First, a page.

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It is true that the same health condition in one individual may result in a disability and not in another. First, one must have a working definition of disability to compare the individuals. The U. S. Social Security Administration (SSA) identifies the three components of the strict definition of disability as being:
"Disability" under Social Security is based on your inability to work. We consider you disabled under Social Security rules if:
This is a strict definition of disability. ...(US Social Security Administration)
- You cannot do work that you did before;
- We decide that you cannot adjust to other work because of your medical condition(s); and
- Your disability has lasted or is expected to last for at least one year or to result in death.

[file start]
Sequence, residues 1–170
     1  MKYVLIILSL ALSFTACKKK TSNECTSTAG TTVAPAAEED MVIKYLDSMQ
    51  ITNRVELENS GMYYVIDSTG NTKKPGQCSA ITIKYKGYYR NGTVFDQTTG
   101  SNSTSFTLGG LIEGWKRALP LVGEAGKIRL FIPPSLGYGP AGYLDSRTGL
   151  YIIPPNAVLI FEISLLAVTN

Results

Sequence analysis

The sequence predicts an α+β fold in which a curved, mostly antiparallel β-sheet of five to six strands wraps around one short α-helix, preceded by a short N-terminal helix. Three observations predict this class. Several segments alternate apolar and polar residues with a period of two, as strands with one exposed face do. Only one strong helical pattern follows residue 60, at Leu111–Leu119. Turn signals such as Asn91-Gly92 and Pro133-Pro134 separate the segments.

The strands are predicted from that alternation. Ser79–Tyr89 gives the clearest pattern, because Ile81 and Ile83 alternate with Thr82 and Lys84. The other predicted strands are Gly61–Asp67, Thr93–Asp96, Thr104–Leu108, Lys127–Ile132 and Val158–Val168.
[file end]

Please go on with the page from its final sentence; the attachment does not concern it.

In addition, the individual must have been seen for their condition, such that there is information for substantiation. Finally, if one has been or is being treated such that it is determined they have a disability, then that determination is required for the SSA's decision on disability.
There are so many factors within people's backgrounds--employment, education, socio-economic status, support from others--that it would be incorrect to say the same health condition existing in two people always results in the same disability in each.
If someone has her finger chopped off, yet her education and employment allow her to function in earning a living so that this not a disabling impairment, then she does not meet the SSA definition of having a disability. Another person with the same injury, who has lesser education and lesser training, producing lesser options, may be determined to be disabled because the Social Security Administration definition is met.
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